Gambian leader has brushed aside the notion that he becomes President by accident.
“I’m not an accidental President,” President Adama Barrow tells France 24 television. Prior to contesting the elections in December last year, President Barrow had gone through the nomination processes of his party (United Democratic Party) and opposition alliance convention.
“At my own party level three people applied and contested for the presidential nomination. Twenty-two of the twenty-six delegates voted for me,” President Barrow adds.
“At the alliance level eight parties came together, four candidates contested and I won the convention. I scored 308 votes while the second person got 72 votes,” Barrow says, proving a point that he is definitely “not an accidental President.”
Mr. Barrow is asked whether the Gambia and Senegal contemplate on forming a future confederation. He answered in the negative. “The two neighbouring countries’ people are the same,” he says, describing Senegal and the Gambia as “true friends.”
President Barrow, who wraps up a tour in France and Belgium, goes home with positive message. He remains grateful to French President François Hollande for the invitation as well as demonstration of commitment to suppirting the Gambia, a country that has just broken the shackles of 22 years of dictatorship.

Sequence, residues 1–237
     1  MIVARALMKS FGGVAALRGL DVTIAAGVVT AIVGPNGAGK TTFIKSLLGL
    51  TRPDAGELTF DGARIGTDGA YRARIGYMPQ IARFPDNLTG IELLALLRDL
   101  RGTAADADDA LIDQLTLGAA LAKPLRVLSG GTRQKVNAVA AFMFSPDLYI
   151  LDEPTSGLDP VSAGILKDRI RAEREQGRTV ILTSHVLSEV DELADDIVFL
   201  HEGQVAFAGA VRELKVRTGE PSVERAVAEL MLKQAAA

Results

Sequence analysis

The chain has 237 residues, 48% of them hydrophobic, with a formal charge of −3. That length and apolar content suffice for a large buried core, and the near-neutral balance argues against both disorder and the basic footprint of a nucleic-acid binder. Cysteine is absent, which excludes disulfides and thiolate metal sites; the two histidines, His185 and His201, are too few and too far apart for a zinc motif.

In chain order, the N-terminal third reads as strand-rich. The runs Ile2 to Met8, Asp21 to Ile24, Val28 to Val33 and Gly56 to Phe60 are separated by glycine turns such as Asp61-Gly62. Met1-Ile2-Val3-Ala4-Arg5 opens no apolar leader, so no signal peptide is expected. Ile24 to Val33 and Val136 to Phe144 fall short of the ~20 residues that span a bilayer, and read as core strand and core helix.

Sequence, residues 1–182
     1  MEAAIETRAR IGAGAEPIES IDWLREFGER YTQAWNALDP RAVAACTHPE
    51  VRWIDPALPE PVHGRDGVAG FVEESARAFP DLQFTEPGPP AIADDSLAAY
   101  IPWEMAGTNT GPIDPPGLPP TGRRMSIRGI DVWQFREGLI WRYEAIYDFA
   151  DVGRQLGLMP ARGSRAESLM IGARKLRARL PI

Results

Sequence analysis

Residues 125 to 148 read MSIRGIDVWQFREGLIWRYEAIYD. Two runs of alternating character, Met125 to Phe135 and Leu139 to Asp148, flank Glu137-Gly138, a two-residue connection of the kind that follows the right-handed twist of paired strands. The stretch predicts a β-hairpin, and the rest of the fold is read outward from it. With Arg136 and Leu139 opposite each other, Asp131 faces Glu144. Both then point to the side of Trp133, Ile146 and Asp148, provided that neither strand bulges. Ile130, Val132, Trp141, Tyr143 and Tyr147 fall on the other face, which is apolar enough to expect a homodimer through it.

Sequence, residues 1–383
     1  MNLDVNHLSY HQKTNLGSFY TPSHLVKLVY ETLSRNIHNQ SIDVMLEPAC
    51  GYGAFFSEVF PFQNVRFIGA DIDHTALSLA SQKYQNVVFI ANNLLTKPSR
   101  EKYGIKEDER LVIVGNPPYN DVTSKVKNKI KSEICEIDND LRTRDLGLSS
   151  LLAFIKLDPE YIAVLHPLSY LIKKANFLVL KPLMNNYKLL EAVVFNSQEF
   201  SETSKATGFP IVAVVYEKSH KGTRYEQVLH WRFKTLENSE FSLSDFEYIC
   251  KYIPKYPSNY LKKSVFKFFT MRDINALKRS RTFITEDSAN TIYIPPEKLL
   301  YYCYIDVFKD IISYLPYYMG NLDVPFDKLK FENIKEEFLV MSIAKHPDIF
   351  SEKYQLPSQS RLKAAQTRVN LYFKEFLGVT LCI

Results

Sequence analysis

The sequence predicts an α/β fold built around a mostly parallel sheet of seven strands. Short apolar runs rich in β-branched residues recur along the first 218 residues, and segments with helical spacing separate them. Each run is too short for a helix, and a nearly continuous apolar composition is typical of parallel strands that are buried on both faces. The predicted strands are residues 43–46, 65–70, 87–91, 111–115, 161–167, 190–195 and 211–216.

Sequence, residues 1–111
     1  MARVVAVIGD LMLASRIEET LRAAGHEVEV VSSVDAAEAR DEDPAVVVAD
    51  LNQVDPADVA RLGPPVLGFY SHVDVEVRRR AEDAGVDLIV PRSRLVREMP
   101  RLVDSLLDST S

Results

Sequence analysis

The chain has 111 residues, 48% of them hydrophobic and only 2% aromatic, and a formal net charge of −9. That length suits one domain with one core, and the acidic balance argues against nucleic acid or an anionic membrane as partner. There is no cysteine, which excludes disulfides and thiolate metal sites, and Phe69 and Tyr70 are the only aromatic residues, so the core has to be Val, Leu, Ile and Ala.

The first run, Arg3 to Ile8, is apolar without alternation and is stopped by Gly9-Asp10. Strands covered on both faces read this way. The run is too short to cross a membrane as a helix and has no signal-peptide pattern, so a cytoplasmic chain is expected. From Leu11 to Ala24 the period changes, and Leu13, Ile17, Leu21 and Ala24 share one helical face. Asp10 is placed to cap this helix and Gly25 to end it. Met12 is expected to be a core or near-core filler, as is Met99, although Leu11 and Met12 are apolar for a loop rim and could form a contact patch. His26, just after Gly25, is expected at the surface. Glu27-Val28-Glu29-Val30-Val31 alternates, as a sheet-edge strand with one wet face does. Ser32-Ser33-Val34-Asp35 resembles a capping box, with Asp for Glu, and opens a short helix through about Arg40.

President Barrow dispels existence of cracks within his governing coalition government. “The coalition is in tact,” he says. “The parties formed Tactical Alliance to contest in the April 6th National Assembly election. The coalition is not a political party which means candidates will have to resign from their parties to contest. If everyone resigns from their parties, who is going to run the parties?”
Barrow touts the possibility of putting in place the Truth and Reconciliation Commission to get to the bottom of the Jammeh regime’s atrocities, although 18 people have so far been in custody. He adds that all necessary measures, including seizure of foreign assets, will be applied to recover the Gambia’s looted wealth. President Barrow’s predecessor has left behind an empty coffer. So far, over 4 billion Dalasis have been withdrawn from state institutions. Investigations into the Jammeh regime’s financial malfeasance continues.